Shetland, a cluster of more than 100 islands, lies on the 60th parallel, 600 miles north of London and less than 200 miles from Norway.
Location is everything, for although sitting on the same latitude as the southern tip of Greenland, Anchorage in Alaska, St Petersburg and Oslo and appearing remote to southern eyes, (the Romans called Shetland Ultima Thule, the end of the habitable world), the Islands are actually at the centre of their own world, that of the Northern Seas.
Indeed, so special is Shetland that the November/December 2007 edition of National Geographic's "Traveler" magazine lists it as the 3rd equal most desirable island destinations in the world! Click here for the full National Geographic article: National Geographic Traveler
Shetland lies at the junction of temperate Europe and the Arctic Circle and of the North Sea and the Atlantic Ocean, and these conspire to give the Islands a magic all of their own. Geology, scenery, wildlife, archaeology, history, culture… all have been shaped by the sea.
Shaped By The Sea
The sea and its influences are felt everywhere in Shetland – hardly surprising when no point on land is more than 3 miles from it.
Scenery and Geology
The sea has washed and battered Shetland for aeons, creating the spectacular sea cliffs, rock stacks and geos, and the beautiful, pristine beaches that are so impressive today.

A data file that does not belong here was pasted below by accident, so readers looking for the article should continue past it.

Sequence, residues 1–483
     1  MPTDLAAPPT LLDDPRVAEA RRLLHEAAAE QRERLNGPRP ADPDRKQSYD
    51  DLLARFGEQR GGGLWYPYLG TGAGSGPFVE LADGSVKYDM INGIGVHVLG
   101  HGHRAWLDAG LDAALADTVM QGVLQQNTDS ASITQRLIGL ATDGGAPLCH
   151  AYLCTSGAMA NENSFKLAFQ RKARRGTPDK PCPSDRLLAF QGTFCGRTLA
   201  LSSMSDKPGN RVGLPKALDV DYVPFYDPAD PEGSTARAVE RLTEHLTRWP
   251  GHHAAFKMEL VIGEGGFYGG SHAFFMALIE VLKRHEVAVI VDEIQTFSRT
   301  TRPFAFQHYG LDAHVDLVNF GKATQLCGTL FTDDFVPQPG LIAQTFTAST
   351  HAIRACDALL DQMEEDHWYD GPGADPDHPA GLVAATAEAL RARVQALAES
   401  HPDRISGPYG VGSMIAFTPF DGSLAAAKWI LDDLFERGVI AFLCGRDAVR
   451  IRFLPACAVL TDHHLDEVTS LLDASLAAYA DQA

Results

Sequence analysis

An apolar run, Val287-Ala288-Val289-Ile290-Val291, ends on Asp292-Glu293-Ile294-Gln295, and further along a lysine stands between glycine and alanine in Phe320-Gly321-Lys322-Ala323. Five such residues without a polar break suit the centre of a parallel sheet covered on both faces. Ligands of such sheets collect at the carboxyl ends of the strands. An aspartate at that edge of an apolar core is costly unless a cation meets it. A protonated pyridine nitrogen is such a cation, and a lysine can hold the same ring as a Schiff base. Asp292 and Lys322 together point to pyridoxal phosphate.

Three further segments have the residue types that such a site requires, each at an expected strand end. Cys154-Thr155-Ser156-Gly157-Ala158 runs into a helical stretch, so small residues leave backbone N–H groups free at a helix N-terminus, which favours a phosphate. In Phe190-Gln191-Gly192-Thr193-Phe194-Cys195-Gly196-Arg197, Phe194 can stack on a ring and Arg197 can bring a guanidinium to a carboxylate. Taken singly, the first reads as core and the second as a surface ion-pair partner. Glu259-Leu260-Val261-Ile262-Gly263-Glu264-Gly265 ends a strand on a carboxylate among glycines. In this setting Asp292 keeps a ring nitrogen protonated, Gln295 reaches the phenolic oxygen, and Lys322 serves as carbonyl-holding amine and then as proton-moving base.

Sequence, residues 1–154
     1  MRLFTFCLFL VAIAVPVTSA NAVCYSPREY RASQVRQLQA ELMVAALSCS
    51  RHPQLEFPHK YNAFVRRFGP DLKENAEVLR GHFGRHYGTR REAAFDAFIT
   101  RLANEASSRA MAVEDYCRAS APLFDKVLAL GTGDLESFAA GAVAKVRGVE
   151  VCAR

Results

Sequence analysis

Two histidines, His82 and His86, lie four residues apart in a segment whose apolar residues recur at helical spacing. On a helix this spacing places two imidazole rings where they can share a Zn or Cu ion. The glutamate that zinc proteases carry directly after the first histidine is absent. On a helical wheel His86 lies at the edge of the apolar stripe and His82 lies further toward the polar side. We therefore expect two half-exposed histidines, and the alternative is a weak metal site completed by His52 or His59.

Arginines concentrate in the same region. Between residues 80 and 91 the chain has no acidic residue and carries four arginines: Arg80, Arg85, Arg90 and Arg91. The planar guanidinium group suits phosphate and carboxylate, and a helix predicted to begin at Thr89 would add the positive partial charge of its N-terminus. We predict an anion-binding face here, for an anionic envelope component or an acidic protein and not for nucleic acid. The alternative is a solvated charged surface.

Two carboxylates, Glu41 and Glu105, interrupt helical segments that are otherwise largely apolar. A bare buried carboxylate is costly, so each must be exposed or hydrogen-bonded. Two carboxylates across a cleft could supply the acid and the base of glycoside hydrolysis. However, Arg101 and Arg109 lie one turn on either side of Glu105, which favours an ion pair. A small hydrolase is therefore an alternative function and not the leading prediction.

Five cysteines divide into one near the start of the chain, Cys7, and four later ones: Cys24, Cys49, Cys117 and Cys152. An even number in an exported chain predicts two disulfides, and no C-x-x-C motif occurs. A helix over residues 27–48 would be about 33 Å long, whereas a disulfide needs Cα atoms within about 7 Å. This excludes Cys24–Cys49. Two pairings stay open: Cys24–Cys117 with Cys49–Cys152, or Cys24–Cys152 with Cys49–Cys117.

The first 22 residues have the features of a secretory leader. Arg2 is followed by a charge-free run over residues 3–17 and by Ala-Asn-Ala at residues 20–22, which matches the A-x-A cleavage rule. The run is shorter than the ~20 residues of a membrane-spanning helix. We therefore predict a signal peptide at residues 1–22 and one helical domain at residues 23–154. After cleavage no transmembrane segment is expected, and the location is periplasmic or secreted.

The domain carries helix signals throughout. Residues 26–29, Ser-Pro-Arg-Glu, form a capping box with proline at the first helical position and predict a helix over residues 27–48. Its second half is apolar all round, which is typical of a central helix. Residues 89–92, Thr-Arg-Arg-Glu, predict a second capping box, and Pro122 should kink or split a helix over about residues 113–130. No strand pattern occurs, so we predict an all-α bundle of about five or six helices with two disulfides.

During the great Ice Ages the sea was locked up in ice sheets and glaciers which gouged and ground the islands, creating rounded hills and U-shaped valleys and thick layers of debris, exposing Shetland’s fascinating geology in the process. Learn more about Shetland's geology...
The North Atlantic Drift, which starts as the Gulf Stream, brings relatively warm waters sweeping past Shetland from the south, before merging with colder Arctic currents and sweeping on towards Greenland. These currents are rich in plankton, which pass the islands in a constant stream, supporting an amazing quantity of marine wildlife – everything from mackerel to whales.
Of course the sea’s influence is not restricted to marine wildlife. The puffins, otters and other fauna that feed off it, the plants that live in the salt-laden air, even the moorland flora and “inland” fauna that must adapt to the great winds, rain and fog that blow in off it – all are affected to some degree.
Similarly, domestic animals like the remarkable Shetland ponies and Shetland sheep, whose roots in the Islands go back thousands of years, have also adapted by becoming smaller and hardier that those of the “softer” south.
Archaeology and History
Man has also had to adapt to the sea – and bend to its will. Ever since the first Mesolithic hunter gatherers visited over 6,000 years ago, collecting shellfish to eat on the shore, Shetland has, like other parts of Britain, periodically received new settlers and new ideas. However, Shetland is not like the rest of Britain and for most of the last 1200 years the Islands have looked east to Europe rather than south to Britain for their cultural and economic ties.